To read the entire procedure for all automotive systems read this artile:
http://www.engine-light-help.com/voltage-drop.html

Posted on Sep 01, 2008

Add Your Answer

Uploading: 0%

my-video-file.mp4

Complete. Click "Add" to insert your video. Add

×

Loading...
Loading...

Related Questions:

1 Answer

Kia Sedona does not start


Battery cables could cause this problem . To test the starter circuit we do voltage drop testing with DVOM - digital volt ohm meter . Corrosion can get down inside the battery cables an cause a drop of voltage in the circuit . Starter Voltage Drop

Sep 30, 2016 | 2004 Kia Sedona EX

1 Answer

Intermittent problem - speed dial 'drops out' sometimes for a few seconds, sometimes for a couple of minutes, then returns to normal operation


What year an model ford ? Electronic module clinch , lose or corroded connector or wiring , ground wiring etc... Do you know what voltage drop testing is ? Voltage drop test main battery cables , What is Voltage Drop Voltage testing fundamentals Mastering Voltage Drop Testing with Pete Meier and Jerry Truglia

watch these videos


Sep 09, 2016 | Ford Focus Cars & Trucks

1 Answer

Blowing headlight bulbs three to four times a year


There is probably corrosion in the circuit causing resistance . Do a voltage drop test on the circuit . On youtube you will find a lot of videos on voltage drop testing . Voltage drop testing will catch automotive electrical thieves

Dec 23, 2015 | 2004 Hyundai Elantra

2 Answers

Voltage drops when setting still has new battery and alternator


Check grounds. Look at your cables. Could be corrosion.

Oct 30, 2015 | Cars & Trucks

2 Answers

1985 GMC Sierra Classic has battery charge but dies out with single click. My battery needed a jump the other day. Drove truck for 2 days. When I went to start it began to turn over then died. I tried...


the battery is probably bad, one way to test it is conduct a load test. Hook a voltage meter to the battery post and have someone try to start the truck. If the voltage drops below 10.4 volts DC, replace the battery.

Sep 17, 2014 | Cars & Trucks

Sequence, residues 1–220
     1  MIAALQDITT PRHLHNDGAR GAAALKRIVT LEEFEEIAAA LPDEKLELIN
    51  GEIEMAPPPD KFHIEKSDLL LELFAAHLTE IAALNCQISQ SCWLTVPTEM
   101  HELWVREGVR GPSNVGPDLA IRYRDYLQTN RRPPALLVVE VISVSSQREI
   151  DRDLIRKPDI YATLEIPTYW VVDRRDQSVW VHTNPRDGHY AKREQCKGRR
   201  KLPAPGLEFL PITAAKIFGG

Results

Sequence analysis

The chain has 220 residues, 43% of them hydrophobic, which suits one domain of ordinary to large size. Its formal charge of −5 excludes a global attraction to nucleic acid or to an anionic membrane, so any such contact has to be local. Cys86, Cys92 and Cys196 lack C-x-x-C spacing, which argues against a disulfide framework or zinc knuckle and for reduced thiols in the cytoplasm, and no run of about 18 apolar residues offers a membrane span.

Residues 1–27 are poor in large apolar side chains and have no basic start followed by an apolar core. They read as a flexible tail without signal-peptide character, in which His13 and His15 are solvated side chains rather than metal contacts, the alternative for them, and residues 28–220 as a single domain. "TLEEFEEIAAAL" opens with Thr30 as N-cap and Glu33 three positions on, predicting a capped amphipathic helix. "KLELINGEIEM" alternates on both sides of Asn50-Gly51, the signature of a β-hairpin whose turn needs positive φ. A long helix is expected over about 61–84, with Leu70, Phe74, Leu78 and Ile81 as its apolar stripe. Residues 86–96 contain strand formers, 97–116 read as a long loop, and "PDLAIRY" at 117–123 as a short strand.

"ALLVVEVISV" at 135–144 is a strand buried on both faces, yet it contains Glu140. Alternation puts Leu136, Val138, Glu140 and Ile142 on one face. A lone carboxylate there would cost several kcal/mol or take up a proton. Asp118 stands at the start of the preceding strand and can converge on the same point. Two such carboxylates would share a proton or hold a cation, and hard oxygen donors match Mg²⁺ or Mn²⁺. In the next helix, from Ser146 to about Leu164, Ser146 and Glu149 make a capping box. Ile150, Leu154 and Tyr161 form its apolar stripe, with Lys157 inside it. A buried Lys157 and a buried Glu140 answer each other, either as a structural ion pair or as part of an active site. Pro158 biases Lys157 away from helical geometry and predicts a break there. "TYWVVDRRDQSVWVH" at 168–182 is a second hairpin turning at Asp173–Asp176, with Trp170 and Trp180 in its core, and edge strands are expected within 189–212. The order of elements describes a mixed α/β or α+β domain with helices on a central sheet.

1 Answer

Why wont car start


Try a line drop test on the circuit. Sometimes wire can deteriorate to the point that it will conduct Voltage, but will no longer sustain the amp load to run the starter. If you find the line set to be within range, replace the ignition switch in the lower end of the column.

Jul 11, 2014 | 2006 Chrysler 300

1 Answer

Our Grand voyager regularly will not start. we are told it is not the battery. The electrics seem to be able to turn themselves on at 22 C, even if we turn them off. we then turn the key and it just...


This is a basic case of your battery and charging system needs to be PROPERLY tested.

First, the battery: If the machanics that you went to checked the battery with an old-school carbon-pile battery tester, this is not good enough for today's batteries used in today's high-tech cars. The battery should be tested with a tester that checks the conductivity of the battery. This is the only sure way to detect a sulfated or partially shorted cell. I have seen many batteries that pass the old carbon-pile test and fail miserably when conductivity is checked.

Battery Cables: The battery cables should be tested for voltage drop. This is the ONLY way that you can be sure the cables are in good condition and are connected properly. The POSITIVE cables should be checked for voltage drop between the battery and the starter as well as between the battery and the main fuse block under the hood. The NEGATIVE cables should be checked for voltage drop beween the battery and the engine block and from the battery to the body. The maximum allowable voltage drop with the cables loaded (headlamps on, blower motor on high) is 300 milivolts (0.3 volts) for the POSITIVE cables and 200 milivolts (0.2 volts) on the NEGATIVE cables. (most will have MUCH less voltage drop than this.)